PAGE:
Researchers in the US say they have developed a new technique using heat to “enable lithium-metal self-healing” to eliminate the dendrite build-up in battery anodes.
The team at New York’s Rensselaer Polytechnic Institute claim to have discovered a way to use internal battery heat “to diffuse the dendrites into a smooth layer”.
In a paper for the journal ScienceNikhil Koratkar, the John A Clark and Edward T Crossan professor of engineering at Rensselaer, said: “We have found that lithium metal dendrites can be healed in situ by the self-heating of the dendritic particles.”
The Rensselaer researchers’ proposed solution takes advantage of the battery’s internal resistive heating to eliminate the dendrite build-up. Resistive heating (also known as Joule heating) is a process in which a metallic material resists current flow and, as a result, produces heat. This “self-heating” occurs through the charging and discharging process.
Rensselaer said its researchers “ramped up the self-heating effect by increasing the current density (charge-discharge rate) of the battery”. “The process triggered extensive surface diffusion of lithium, spreading the dendrites into an even layer,” Rensselaer said.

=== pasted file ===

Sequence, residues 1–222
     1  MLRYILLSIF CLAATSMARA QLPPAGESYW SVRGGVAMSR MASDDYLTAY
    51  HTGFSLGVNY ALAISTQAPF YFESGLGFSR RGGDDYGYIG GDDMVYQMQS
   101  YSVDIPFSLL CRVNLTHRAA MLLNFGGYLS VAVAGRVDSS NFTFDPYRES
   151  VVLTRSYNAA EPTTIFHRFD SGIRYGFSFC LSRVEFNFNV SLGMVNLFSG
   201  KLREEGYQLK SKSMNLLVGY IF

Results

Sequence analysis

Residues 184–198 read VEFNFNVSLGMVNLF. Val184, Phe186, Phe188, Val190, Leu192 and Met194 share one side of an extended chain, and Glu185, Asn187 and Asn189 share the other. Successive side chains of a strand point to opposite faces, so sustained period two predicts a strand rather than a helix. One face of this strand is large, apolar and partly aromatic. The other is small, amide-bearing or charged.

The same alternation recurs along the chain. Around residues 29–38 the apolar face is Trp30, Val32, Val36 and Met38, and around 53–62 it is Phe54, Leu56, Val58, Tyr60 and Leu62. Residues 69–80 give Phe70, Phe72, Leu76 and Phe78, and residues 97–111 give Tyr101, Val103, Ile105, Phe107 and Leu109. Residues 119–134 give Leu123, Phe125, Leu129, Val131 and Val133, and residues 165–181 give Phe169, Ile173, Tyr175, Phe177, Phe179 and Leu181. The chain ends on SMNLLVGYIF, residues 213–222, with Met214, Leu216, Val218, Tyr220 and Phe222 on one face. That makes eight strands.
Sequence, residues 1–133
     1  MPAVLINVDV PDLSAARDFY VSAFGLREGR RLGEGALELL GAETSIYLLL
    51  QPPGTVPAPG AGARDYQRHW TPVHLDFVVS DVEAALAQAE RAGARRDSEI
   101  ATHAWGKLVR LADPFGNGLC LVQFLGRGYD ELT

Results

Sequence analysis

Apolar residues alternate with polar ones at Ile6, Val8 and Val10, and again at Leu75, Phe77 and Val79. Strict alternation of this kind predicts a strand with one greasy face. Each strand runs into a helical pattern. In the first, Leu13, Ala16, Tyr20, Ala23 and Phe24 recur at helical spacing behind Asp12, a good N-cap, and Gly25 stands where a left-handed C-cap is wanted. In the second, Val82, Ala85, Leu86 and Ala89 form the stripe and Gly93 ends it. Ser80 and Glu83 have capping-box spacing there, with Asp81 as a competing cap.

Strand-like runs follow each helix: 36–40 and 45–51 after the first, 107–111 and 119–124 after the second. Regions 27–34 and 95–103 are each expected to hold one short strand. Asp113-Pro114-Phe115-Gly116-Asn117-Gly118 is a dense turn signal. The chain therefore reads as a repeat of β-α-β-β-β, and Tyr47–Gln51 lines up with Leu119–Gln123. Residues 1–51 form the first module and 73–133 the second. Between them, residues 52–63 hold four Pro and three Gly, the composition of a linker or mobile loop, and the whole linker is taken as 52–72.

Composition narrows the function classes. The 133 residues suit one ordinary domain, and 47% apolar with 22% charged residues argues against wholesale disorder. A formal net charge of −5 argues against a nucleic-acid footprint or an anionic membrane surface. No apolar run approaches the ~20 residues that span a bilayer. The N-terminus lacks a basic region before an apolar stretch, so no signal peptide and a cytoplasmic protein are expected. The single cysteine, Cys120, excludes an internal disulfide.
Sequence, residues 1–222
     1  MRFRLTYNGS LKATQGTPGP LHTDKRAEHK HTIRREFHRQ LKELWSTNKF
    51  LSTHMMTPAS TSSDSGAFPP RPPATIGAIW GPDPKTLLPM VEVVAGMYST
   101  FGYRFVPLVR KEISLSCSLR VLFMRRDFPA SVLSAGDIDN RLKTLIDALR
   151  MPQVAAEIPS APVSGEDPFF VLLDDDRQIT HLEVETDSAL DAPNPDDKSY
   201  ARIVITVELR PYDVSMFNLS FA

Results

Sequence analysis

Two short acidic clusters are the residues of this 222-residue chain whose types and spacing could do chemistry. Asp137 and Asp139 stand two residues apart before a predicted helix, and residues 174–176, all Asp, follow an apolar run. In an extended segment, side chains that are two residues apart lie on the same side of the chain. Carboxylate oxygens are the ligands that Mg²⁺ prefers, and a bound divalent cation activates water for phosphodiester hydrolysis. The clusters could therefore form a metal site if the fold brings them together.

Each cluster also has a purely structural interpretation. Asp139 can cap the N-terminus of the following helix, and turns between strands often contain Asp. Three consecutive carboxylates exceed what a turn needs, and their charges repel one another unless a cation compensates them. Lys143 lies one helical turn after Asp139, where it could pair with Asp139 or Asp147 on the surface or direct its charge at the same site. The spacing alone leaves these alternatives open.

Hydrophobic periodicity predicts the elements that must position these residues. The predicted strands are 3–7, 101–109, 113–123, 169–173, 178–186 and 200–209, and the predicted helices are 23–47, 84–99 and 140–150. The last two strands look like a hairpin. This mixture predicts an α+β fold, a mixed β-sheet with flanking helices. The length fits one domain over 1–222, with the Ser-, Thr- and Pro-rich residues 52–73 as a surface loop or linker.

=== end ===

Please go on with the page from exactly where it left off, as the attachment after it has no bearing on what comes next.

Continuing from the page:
Rensselaer said the researchers first demonstrated the “this smoothening (healing) of the dendrites in a lithium-lithium symmetrical cell”. They then showed the process with the same results “in a proof-of-concept demonstration using a lithium-sulfur battery”.
“Dendrite healing would be carried out by battery management system software, which would provide doses of ‘self-healing’ treatment by running a few cycles at a high rate of charge and discharge when an electronic device is not in use,” Rensselaer said.
Koratkar added: “A limited amount of cycles at high current density would occur to heal the dendrites, and then normal operations can be resumed. Self-healing would occur as a maintenance strategy, long before the dendrites become a safety hazard.”
The research is available in detail on Rensselaer’s website.